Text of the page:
The Quadrilateral Security Dialogue (Quad) received an upgrade last week when the foreign ministers of Australia, Japan, India and the US met at the sidelines of the United Nations General Assembly. The Quad was conceived in 2007 to address the unconventional threats in the Asia-Pacific region. But China viewed this grouping as a ganging-up of the US and its allies to contain its rise. It protested against this arrangement and asked each country to explain the grouping’s objectives.
China’s protests pushed the Quad into cold storage. However, China’s rampant naval modernization and other activities increased its inroads into the Indian Ocean Region (IOR), while the militarization of the South China Sea, the China-Pakistan Economic Corridor (CPEC) and the Belt and Road Initiative (BRI) have threatened the Quad countries’ interests. China’s much-anticipated “strategic support base” in Djibouti was inaugurated in August 2017. This was a tipping point for the revival of the Quad and its upgrade to joint secretary-level talks in 2017.
The Quad’s real purpose is signaling and posturing, under the pretext of coordination among like-minded countries. The four countries are already under three trilateral, six bilateral, and several military and intelligence gathering agreements. The US, India and Japan began the Malabar trilateral exercise in the Pacific Ocean just a day before last week’s Quad meet. The four countries have also increased the number of military exercises, strategic and logistical arrangements, and coordinated activities. But a mini-lateral grouping would be far more effective in conveying their displeasure for China’s activities in the Indo-Pacific region.
India shouldn’t shy away from more such engagements, now that the Quad has been upgraded to foreign minister-level talks. India in the past has dilly-dallied on the Quad. It has tried to balance its position between the US and China. Prime Minister Narendra Modi in his keynote address at the Shangri-La Dialogue stated, “India does not see the Indo-Pacific Region as a strategy or as a club of limited members, nor as a grouping that seeks to dominate. And by no means do we consider it as directed against any country.”
India also worries about its strategic autonomy if it engages with the Quad. But the Quad is not a military alliance like the North Atlantic Treaty Organization. It is a grouping of like-minded countries with a cause: to maintain the balance of power and keep the Indo-Pacific region free, open and inclusive.
China’s defense white papers in 2015 and 2019 claimed that it would increase its presence in the IOR to “protecting its interests.” Cambodia and Pakistan are the two most likely candidates for China’s next “strategic support bases” after Djibouti. China is modernizing its navy and heading toward its stated objective of being a world-class armed force by 2050. Its modernization is not directed toward India, but the two countries will face off in the IOR when China increases its footprint in the region.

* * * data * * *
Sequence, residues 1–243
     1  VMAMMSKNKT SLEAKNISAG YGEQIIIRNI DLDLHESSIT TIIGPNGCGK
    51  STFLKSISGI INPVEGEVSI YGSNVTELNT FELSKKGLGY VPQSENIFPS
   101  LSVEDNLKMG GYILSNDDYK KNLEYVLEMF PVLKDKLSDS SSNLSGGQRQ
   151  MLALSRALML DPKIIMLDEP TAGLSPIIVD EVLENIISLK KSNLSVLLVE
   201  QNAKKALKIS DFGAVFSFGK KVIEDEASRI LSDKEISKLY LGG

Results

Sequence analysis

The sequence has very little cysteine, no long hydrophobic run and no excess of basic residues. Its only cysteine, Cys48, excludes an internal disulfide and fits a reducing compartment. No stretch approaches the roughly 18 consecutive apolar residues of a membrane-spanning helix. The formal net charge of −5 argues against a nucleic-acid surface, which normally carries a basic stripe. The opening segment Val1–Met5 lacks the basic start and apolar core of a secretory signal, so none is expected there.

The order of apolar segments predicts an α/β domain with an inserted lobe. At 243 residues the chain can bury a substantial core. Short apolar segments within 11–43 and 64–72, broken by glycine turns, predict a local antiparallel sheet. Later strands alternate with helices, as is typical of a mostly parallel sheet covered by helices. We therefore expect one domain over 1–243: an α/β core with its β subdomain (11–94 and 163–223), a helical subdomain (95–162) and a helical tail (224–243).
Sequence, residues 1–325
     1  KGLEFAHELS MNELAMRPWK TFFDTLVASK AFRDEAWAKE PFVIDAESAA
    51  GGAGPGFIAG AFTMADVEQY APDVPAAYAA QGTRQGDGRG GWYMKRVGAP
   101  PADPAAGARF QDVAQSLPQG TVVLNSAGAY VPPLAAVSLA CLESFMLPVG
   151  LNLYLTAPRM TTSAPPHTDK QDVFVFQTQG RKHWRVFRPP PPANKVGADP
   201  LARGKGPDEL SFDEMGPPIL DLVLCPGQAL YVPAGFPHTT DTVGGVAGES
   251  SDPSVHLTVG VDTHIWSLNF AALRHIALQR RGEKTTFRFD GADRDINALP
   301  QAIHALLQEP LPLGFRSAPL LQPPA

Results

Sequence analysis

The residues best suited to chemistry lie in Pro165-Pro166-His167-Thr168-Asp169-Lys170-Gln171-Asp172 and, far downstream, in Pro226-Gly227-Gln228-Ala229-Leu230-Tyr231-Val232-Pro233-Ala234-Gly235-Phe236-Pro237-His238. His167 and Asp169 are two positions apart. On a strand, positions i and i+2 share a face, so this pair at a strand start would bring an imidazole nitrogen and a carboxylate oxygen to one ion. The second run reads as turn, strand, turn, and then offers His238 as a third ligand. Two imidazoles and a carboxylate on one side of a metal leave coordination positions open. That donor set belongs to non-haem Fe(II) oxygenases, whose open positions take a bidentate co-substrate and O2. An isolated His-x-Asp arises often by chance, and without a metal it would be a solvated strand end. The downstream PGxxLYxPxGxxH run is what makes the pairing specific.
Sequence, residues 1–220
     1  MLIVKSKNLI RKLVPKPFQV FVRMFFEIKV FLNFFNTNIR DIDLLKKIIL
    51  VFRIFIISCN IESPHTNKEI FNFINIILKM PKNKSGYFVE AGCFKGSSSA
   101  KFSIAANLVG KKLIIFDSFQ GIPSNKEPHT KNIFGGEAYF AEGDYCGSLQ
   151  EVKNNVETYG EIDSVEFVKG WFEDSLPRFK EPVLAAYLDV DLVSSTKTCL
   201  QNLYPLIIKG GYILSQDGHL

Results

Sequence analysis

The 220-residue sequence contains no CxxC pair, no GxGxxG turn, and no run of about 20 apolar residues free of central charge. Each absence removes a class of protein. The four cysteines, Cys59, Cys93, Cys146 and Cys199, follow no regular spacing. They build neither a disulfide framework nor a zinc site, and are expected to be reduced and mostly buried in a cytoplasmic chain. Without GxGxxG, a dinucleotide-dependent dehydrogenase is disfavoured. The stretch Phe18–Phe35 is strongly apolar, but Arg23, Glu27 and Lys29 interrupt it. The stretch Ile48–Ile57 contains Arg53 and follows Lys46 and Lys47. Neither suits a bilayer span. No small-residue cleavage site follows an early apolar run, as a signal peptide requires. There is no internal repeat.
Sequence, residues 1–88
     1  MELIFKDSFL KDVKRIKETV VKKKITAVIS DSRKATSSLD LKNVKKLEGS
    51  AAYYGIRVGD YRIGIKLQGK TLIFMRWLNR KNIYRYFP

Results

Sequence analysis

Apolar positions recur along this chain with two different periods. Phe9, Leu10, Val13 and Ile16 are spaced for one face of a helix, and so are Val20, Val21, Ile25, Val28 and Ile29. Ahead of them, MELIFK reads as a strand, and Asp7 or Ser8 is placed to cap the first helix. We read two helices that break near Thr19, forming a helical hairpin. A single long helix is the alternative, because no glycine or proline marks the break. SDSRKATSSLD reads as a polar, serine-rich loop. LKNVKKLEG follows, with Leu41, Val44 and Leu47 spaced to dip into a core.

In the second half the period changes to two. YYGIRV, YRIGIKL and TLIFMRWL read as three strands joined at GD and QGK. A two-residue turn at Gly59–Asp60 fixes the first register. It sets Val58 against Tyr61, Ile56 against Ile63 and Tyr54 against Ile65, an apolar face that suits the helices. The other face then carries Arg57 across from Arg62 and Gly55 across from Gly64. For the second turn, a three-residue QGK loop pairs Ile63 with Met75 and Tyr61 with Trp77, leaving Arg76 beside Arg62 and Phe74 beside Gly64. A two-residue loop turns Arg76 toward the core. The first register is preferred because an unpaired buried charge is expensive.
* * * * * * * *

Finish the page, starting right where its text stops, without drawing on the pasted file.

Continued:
China’s State Shipbuilding Corporation is building four advanced guided-missile frigates for Pakistan, the Type 054A/Jiangkai II class. Pakistan will also acquire CM-302 supersonic anti-ship cruise missiles along with the four frigates. This missile would counter India’s strategic naval supremacy that it has maintained since 2005. China also went ahead with the CPEC despite India’s protests.
All of these actions have an impact on the strategic landscape of the South Asian and Indo-Pacific regions. These are more than enough reasons for India to be active in a mini-lateral grouping like the Quad.
India’s strategic usage of the Quad
The fate of the Quad will be dependent on the strategic ambiguity of the grouping. It will be confined to paper talks if not backed by concrete actions and measures. But making a big deal about the forum on every occasion wouldn’t be ideal. It would fuel a backlash from China. This would result in the demise of the grouping, like last time. India should walk a fine line. It should learn from China’s use of boundary disputes against India. China has not resolved these and uses them as leverage. Similarly, India should use the Quad for strategic leverage.
The forum has now been elevated to the highest level. This should be followed by joint maritime engagements, drills and exercises under the Quad’s banner in the Indo-Pacific region (minus the South China Sea). Whenever required, India could convey its displeasure to China using the Quad’s diplomatic options. The bar could also be raised by conducting such drills in the South China Sea. India in the past has conducted maritime drills in the South China Sea with like-minded countries. But conducting them under the Quad’s banner would send different signals. This would possibly equip India with a strategic option against China.
India’s interests are not served by keeping the grouping dormant. At the same time, using the platform to go hammer and tongs against China would also not serve any purpose. India’s diplomacy should find a middle ground, but the approach this time should be more hawkish by engaging through the Quad.